I used to write out long definitions of how to do simple procedures — think 10 pages (mostly screenshots) to explain how to simply take a screenshot and upload it into a WordPress post. Lots of work!

Now, I try to record screencasts as much as possible — I simply make a quick recording where I do the process, and pass that video to the new employee.

I use Camtasia for screencasts — it just works well, allows you to add click effects and ripple effects (as I show in the video at the top of this post).

Simple, easy, and excellent.


For this month’s goal, I wanted to use a website which tracks my writing. I’ve decided to use, which allows a quick interface to get writing. If you hit 750 words, you get a check mark on your calendar, and you can share your progress, etc.

It has a cool statistics calculator where it tells me exactly how long it took for me to get started and get going, the personality of my writing, a tag cloud of the words I used the most, etc.

I just wish it would let me share publicly everything I wrote for the day.

750words is missing some features I desperately need — like the ability to add images, or embed links. I’m trying to write this for my WordPress site, and I have to go through and re-embed images or links. I guess I could type out my document in pure HTML, but I haven’t.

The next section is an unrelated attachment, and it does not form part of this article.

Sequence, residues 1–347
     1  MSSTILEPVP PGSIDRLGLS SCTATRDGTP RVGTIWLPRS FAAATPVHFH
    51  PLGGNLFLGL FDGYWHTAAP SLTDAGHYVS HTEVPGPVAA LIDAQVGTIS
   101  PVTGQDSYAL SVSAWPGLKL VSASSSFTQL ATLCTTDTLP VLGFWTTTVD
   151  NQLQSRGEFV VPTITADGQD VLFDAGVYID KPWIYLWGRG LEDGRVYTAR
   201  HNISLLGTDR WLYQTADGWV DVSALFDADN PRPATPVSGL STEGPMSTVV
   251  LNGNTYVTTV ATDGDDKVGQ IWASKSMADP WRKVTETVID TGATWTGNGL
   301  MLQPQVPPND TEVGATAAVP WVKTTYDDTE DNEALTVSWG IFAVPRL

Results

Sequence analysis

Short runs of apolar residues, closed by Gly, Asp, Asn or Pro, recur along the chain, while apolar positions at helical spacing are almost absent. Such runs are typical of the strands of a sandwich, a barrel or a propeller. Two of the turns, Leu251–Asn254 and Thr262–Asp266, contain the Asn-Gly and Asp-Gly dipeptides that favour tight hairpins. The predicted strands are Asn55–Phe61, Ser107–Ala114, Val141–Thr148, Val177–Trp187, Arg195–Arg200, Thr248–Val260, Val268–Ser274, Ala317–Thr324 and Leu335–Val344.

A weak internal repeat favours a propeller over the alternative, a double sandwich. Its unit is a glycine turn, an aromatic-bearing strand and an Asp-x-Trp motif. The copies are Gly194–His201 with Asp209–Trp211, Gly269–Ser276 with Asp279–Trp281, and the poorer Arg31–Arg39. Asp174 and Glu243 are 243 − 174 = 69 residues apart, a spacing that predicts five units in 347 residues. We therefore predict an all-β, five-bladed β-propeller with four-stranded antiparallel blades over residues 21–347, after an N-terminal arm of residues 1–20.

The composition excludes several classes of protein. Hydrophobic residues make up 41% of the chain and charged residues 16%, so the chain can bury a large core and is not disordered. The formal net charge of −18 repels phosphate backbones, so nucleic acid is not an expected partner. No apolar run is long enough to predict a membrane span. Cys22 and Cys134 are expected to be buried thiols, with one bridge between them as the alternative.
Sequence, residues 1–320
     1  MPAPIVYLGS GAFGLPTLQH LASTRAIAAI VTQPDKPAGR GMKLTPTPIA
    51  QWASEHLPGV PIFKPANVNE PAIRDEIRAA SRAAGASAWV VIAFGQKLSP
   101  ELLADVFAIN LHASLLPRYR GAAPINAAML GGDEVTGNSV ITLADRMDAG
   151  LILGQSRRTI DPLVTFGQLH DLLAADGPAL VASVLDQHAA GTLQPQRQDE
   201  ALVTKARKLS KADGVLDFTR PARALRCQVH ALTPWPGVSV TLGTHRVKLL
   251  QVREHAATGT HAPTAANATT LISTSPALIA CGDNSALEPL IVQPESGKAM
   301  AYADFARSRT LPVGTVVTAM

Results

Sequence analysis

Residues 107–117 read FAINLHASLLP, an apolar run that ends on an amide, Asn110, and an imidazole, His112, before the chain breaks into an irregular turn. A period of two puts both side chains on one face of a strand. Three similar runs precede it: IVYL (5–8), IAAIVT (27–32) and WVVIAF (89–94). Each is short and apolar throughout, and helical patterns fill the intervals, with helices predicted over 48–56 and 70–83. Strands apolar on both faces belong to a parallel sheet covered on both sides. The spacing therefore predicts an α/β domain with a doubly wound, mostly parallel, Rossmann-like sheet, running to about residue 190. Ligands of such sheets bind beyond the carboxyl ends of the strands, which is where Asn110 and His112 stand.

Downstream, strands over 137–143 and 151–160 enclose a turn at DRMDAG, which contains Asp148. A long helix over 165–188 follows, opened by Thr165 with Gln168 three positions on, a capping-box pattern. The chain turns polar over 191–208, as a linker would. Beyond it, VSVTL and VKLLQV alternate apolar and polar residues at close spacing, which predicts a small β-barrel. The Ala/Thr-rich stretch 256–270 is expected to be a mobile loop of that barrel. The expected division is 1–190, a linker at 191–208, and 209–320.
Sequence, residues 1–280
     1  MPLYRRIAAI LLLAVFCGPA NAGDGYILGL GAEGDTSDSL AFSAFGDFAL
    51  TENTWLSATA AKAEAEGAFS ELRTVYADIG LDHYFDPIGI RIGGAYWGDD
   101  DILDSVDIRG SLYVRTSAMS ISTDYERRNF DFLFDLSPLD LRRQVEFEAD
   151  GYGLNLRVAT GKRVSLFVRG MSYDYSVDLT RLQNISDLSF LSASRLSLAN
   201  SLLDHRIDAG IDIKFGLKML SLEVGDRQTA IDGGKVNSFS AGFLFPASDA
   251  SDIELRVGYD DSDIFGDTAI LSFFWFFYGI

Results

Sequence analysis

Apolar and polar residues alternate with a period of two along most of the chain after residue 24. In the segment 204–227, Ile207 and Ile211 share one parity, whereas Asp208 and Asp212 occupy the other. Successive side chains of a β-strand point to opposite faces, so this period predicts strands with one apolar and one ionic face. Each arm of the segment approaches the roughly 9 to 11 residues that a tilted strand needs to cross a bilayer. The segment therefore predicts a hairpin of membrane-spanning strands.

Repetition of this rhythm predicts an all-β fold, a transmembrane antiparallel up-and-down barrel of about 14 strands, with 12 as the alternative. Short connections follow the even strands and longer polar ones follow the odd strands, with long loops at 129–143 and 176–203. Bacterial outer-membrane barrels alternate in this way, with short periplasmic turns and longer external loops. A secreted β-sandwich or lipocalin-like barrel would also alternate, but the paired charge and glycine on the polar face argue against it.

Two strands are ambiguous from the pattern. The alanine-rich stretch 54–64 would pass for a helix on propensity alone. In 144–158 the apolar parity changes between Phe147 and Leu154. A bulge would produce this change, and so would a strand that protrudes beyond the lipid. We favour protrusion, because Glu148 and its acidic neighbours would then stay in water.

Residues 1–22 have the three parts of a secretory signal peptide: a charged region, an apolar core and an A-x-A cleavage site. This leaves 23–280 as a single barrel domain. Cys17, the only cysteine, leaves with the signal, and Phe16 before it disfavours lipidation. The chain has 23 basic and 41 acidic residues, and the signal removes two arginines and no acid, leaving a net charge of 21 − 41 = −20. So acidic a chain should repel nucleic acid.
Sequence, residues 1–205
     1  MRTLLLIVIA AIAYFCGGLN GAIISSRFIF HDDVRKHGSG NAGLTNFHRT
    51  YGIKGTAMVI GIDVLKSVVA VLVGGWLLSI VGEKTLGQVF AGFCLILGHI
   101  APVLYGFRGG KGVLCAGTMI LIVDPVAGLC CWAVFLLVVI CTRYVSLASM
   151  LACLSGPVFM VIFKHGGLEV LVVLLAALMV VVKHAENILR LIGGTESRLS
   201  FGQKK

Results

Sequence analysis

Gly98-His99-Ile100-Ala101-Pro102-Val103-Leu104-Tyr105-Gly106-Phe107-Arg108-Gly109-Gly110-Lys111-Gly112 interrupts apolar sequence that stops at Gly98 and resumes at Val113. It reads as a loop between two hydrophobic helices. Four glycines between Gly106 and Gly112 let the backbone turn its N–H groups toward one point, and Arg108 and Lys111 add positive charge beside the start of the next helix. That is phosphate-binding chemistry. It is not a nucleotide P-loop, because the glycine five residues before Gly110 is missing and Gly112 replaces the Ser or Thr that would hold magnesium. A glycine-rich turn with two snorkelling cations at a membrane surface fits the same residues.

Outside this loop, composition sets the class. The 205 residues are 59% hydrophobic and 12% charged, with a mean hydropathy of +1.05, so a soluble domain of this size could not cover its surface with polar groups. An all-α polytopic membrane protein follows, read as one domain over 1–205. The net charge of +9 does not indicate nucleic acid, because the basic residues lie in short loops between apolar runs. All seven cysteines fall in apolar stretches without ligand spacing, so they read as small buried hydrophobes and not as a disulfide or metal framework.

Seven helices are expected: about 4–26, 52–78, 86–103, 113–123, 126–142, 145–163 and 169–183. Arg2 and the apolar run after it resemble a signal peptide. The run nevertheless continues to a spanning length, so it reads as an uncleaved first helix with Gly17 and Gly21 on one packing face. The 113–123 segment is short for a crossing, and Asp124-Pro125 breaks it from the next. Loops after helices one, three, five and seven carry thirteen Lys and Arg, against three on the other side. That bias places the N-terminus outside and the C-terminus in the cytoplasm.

So that’s a summary of my favorite productivity apps. Do you like this post? Let me know that you liked this type of post in the comments — If I get enough replies, I’ll start a weekly series detailing the best app to improve your life.


Arlen Mark July 25, 2014 at 9:18 am

Proofhub is another very useful tool that I’d like to add in this list. Very useful tool for increasing productivity. This tool is loaded with features like time tracking, to-do’s, gantt chart and much more.


Nils Davis October 22, 2013 at 5:47 am

I’ve been using for about three years now, up to almost 1 million words! I find it’s a great part of my blogging workflow – I work out the thoughts in 750words, then copy to Evernote for copy editing, then copy to Wordpress for formatting. I find that the three passes through the work make it a lot better, even though it seems like a lot of copying.

I’ll be trying Jumpcut asap – sounds like something that would work for me.


emmanuel September 18, 2013 at 12:12 pm

Hello….. Sir….. I must say that I am smilling already…… I love it all…… Am implementing all of it now and I its helping………… thanks once again for counting me worthy for your visions


Nathan Sudds September 18, 2013 at 8:43 am